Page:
It’s the end of summer, which means it’s also time for those most prized possessions of all — school supplies.
Every year, my mother would take us school supply shopping first at our local Dollar Store, and then to the nearby drugstore. Between those two stores, we’d buy all of our supplies. But one year, my mom caught the flu on SSSD (School Supply Shopping Day), and so my dad was selected to do the honors.
Now my dad – aka Captain Dad – is a man who’d walk a mile to save an inch. And he was certain that he could not only do the school shopping faster, but also cheaper than my mother ever thought to do it. Too ill to argue, my mother handed over the list and watched with a worried air as Captain Dad enthusiastically loaded all eight of us kids into the family van, hopped into the driver’s seat, and headed out for SSSD.
To our collective shock, he didn’t stop at the familiar Dollar Store, but drove straight on to the then-version of Costco. Ignoring our protests, he parked the van, lined us all up, marched us into the store, and proceeded to order us up and down the aisles, the list at hand.
Sounds good so far, hm? There’s Captain Dad, in the bargain center of our small town, kids organized into two troops (each with their own buggy), ready to conquer the annual SSSD . . . but it was here that the proverbial wheels fell off the cart.
Why? Because of this:
1. Captain Dad cannot say no to a bargain.
2. We were SURROUNDED by bargains.
Oh, he tried to stay focused on notebook paper and ink pens, but then he remembered that we needed trash bags, so off to the trash bag aisle he went. Of course, this being the then-version of Costco, he bought the coffee table sized box of 1,000 trash bags (“Saved a whole .2 each!”), and stacked it on our notebooks, paper, and pens.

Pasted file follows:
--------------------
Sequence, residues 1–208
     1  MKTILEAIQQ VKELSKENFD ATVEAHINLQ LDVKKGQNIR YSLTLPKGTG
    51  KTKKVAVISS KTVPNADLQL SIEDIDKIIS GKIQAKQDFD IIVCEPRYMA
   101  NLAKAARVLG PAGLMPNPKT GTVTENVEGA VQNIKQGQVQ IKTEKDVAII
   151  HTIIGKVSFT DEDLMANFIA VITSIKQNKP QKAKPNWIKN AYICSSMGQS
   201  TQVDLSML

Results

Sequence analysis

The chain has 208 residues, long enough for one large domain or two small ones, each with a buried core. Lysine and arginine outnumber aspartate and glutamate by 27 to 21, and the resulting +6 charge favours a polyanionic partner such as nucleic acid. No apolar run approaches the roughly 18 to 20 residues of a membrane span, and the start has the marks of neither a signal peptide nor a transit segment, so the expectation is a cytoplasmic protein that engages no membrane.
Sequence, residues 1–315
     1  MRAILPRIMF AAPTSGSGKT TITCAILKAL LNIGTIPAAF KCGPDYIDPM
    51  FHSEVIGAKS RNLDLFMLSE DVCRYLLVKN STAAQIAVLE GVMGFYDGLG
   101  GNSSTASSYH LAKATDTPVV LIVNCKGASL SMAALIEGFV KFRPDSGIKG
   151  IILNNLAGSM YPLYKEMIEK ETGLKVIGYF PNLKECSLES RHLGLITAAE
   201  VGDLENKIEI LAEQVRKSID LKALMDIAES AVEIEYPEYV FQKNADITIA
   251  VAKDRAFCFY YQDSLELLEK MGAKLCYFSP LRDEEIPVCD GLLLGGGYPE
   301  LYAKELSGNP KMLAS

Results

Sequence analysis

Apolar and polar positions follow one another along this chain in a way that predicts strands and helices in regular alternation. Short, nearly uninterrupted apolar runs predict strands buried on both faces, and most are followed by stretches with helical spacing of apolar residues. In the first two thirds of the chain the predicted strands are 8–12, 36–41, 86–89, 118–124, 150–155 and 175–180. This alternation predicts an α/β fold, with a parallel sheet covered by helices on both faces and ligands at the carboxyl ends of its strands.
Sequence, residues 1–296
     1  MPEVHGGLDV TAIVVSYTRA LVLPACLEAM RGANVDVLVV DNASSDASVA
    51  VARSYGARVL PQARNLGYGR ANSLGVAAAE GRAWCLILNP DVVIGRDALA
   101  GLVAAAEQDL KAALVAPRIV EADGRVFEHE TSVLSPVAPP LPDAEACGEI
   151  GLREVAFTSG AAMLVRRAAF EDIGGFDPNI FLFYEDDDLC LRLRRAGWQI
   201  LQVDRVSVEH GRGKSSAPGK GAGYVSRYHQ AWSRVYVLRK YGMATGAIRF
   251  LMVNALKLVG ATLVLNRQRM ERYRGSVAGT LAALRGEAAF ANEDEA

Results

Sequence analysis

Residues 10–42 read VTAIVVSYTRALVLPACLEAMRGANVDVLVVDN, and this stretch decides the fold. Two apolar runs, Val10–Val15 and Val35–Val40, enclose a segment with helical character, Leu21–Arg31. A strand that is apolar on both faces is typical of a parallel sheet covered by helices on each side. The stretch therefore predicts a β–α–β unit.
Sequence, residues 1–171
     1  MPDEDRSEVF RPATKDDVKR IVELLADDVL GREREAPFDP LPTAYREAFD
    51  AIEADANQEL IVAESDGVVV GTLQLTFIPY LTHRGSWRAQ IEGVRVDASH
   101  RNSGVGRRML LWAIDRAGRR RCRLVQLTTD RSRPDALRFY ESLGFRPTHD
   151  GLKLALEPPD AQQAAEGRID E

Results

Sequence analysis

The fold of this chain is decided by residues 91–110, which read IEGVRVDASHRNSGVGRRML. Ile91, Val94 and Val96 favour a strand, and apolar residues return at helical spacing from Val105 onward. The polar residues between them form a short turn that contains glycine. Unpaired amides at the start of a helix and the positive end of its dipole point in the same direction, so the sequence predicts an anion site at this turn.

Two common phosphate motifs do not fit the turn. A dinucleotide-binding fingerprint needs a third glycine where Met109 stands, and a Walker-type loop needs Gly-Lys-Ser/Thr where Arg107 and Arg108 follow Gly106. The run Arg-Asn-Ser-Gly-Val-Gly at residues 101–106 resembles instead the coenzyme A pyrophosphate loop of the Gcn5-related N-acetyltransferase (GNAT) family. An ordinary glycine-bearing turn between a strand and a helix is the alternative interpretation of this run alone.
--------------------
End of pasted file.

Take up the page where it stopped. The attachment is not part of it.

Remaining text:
Of course, in going to the garbage bag aisle, Captain Dad realized that my mother was probably using all of the cold medicine in the house and so, while we were there, we might as well restock, so off we went to the cold medicine aisle. We bought cold formula in a huge four pack of 32 oz bottles (“It’ll be extra cold this year, so we’ll use it up by Christmas. AND I saved .41 EACH!”)
People, that’s almost four LITERS of cold medicine. Wow.
And then Captain Dad decided we needed more tissues (“Look at that! Only $1.99 each for 30 boxes!”), and somehow that made him think of chicken drumsticks (“Good lord, those are only $2.99 a pound and they come in bags of 120. Your mother will like that! Get fourteen of those!”) — on and on it went for the next 45 minutes. By the time we went to check out, both buggies were overflowing, we were exhausted trying to maneuver them through aisle after aisle, and my dad was rubbing his hands in glee at all of the money he’d saved.
And then they checked us out . . . I can still remember his face when he saw the final ticket for our SSSD: $519.34. In today’s dollars, that would be . . . heck, I don’t know, but a LOT. What I DO know is that while Captain Dad may not have saved us as much money as he’d hoped, we ended up with a LOT of chicken drumsticks. Mom swears there are still some in our freezer.
When you were growing up, was School Supply Shopping Day a big day at your house? Do you always go to the same places or do you follow the sales? And have you ever bought cold medicine by the liter? Chicken drumsticks by the flock? Do you buy anything in bulk?
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